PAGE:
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COVID-19
Information for the community – Updated guidelines from 27 July 2021
Acknowledgement
The Women's and Children's Hospital is located on the traditional lands for the Kaurna people, and we respect their spiritual relationship with their Country. We also acknowledge that the Kaurna people are the custodians of the Adelaide region, and that their cultural and heritage beliefs are still as important to the living Kaurna people today.

Aboriginal and Torres Strait Islander people should be aware that this website may contain images, voices and names of people who have passed away.

It is important to consider who should break the news to children about their family member's death. The parent-child relationship needs to be preserved for the child's ongoing care and support.

It is important to consider who should break the news to children about their family member's death. The parent child relationship needs to be preserved for the child's ongoing care and support. Parents may seek support from the care team to inform siblings, so they can be beside the child(ren) as the persons to comfort them while hearing the news, rather than as the bearer of bad news.

Siblings should be given an opportunity to say their own goodbyes and to be involved as much as possible and as their age allows. Use truthful, plain words when talking to your children. Some vague explanations can leave too much to the imagination and may trigger unnecessary fears.

Here are some suggestions based on the experiences of other families:

  • Try not to have particular expectations of how your children may react or grieve, but rather offer encouragement and support to help them respond in their own way.
  • Give your children a chance to say goodbye. Being able to spend quiet undisturbed time with their brother or sister after death is an opportunity that is very special. They may wish to write or draw a goodbye note, or give their sibling a favourite toy 'to keep'.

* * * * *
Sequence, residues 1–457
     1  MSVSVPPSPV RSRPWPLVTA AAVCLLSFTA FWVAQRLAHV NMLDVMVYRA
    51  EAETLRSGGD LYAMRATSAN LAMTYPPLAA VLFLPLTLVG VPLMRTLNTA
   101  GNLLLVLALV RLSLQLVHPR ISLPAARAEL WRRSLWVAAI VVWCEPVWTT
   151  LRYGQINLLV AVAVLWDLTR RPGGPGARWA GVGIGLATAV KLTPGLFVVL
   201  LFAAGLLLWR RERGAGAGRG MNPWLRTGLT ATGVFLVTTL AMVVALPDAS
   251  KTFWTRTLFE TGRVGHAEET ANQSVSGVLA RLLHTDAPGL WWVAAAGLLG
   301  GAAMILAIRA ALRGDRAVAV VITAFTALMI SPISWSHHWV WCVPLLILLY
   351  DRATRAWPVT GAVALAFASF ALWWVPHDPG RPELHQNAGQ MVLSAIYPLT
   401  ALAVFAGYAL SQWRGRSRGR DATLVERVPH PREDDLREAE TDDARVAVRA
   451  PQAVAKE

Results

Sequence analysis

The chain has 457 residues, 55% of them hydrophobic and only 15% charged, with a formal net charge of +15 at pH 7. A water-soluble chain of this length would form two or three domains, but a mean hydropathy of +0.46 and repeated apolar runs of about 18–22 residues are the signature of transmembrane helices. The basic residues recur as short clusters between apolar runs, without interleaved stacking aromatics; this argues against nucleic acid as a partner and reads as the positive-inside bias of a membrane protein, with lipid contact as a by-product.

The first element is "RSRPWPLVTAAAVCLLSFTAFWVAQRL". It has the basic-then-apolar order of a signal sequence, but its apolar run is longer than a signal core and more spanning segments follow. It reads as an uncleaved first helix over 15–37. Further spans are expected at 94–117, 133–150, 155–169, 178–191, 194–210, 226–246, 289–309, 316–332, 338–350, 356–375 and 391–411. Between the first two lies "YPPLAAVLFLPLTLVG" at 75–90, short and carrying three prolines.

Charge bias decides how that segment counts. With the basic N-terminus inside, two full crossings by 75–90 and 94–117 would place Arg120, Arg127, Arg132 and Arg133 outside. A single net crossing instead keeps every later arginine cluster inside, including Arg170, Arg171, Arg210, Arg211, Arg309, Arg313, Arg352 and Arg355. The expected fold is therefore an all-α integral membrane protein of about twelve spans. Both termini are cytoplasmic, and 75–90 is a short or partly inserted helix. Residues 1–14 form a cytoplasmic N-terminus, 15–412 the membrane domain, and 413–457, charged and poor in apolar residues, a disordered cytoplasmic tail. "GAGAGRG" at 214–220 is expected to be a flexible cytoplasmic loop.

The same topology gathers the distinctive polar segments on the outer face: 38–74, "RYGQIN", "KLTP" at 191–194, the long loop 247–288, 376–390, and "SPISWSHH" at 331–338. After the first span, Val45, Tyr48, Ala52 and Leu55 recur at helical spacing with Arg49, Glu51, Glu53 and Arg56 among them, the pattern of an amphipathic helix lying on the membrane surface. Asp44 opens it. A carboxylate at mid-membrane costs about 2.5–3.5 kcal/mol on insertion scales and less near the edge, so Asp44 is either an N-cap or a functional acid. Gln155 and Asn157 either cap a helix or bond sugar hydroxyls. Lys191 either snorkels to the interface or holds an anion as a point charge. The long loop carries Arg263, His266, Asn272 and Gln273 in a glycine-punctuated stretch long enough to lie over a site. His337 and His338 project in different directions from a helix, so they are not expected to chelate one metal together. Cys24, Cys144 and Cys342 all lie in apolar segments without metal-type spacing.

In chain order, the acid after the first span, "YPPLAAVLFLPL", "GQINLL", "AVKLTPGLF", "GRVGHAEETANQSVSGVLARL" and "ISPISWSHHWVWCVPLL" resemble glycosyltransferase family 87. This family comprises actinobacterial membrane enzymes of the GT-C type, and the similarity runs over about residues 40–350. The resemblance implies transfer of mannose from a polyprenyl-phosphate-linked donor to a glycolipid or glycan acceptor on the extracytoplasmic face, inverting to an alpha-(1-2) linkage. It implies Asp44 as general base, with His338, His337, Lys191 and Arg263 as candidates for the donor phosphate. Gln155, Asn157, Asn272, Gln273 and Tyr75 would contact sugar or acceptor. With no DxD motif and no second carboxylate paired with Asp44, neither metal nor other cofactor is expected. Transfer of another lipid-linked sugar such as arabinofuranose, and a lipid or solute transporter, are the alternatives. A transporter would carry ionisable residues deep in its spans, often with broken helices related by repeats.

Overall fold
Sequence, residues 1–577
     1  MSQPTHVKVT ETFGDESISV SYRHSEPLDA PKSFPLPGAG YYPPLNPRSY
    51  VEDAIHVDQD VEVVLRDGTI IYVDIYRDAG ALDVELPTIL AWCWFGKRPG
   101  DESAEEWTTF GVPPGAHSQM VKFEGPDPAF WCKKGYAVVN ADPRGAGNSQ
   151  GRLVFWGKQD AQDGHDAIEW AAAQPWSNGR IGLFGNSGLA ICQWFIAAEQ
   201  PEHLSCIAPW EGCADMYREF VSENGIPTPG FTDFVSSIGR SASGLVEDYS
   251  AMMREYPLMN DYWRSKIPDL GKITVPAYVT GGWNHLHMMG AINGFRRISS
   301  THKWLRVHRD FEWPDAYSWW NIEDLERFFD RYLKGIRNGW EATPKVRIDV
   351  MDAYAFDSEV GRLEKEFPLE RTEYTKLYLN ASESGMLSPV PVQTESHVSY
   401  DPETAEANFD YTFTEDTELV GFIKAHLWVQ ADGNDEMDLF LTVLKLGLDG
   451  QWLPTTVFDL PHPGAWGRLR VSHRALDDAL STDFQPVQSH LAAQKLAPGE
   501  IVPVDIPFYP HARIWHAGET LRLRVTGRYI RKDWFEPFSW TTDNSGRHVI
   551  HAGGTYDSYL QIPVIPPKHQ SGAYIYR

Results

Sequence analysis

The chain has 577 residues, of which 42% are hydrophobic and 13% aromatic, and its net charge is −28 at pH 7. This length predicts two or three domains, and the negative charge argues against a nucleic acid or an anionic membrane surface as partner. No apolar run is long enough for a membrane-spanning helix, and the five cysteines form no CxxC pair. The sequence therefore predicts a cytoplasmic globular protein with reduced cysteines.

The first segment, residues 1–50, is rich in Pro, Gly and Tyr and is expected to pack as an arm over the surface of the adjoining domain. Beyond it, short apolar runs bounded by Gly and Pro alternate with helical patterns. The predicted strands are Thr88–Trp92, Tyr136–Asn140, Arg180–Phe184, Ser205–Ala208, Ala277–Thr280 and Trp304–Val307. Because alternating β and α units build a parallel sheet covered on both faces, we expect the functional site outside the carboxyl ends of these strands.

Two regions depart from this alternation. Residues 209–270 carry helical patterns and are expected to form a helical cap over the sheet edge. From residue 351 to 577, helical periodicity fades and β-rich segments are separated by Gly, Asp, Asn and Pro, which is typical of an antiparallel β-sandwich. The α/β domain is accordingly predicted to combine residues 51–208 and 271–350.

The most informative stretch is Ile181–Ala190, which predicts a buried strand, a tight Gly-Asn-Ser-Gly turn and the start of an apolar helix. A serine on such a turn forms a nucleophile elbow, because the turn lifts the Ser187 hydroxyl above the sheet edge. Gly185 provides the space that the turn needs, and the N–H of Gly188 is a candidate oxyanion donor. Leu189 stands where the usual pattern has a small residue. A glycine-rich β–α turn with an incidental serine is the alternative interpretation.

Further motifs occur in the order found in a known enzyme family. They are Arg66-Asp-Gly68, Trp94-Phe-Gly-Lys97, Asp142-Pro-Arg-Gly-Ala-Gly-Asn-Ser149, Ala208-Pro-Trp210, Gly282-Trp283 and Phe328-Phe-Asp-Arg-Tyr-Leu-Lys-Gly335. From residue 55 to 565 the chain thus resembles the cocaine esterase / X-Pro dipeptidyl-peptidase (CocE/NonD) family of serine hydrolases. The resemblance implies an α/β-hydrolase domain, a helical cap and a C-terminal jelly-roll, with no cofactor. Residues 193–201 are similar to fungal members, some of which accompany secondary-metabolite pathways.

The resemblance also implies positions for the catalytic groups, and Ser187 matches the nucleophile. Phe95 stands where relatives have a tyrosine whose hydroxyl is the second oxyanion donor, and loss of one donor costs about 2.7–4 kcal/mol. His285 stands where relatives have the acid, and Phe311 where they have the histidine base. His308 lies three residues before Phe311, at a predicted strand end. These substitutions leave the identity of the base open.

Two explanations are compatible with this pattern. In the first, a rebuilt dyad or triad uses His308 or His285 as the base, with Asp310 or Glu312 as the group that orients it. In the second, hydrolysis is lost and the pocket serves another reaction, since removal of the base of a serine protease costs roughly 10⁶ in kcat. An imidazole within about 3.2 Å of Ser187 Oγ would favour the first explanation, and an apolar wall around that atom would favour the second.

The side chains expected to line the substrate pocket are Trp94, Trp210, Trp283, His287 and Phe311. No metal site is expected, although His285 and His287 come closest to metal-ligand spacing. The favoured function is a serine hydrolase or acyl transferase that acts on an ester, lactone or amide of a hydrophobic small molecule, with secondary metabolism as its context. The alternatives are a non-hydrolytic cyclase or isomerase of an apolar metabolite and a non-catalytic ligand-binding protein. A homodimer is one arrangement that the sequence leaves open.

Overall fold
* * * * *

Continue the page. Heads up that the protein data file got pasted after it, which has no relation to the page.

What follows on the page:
• It will help sometime in the following few days to talk with your children about what will happen and what to expect at the funeral service. Offering the choice to be involved and included is important.
  • Be prepared for questions your child may ask such as: 'What will happen to the body?', 'Why is he put into the ground?', 'Can she feel anything?', 'What if he's not dead?', 'What is cremation?' and 'What will his ashes look like?' These questions need honest, simple, accurate, and sometimes repeated answers given in a caring and nurturing atmosphere.
  • As you will be dealing with your own grief at this time, it may be helpful to ask a trusted relative or friend whom the children know to spend special time with them too.1

If you are concerned for a child seek advice from a health professional, such as your General Practitioner (GP). See the Resources page for further details.

For more information about children and their needs:


1 Adapted from: Journeys: Palliative care for children and teenagers, version 2, Eds. Fleming, S. Coombs, S. and Phillips, M., Palliative Care Australia, 2010.


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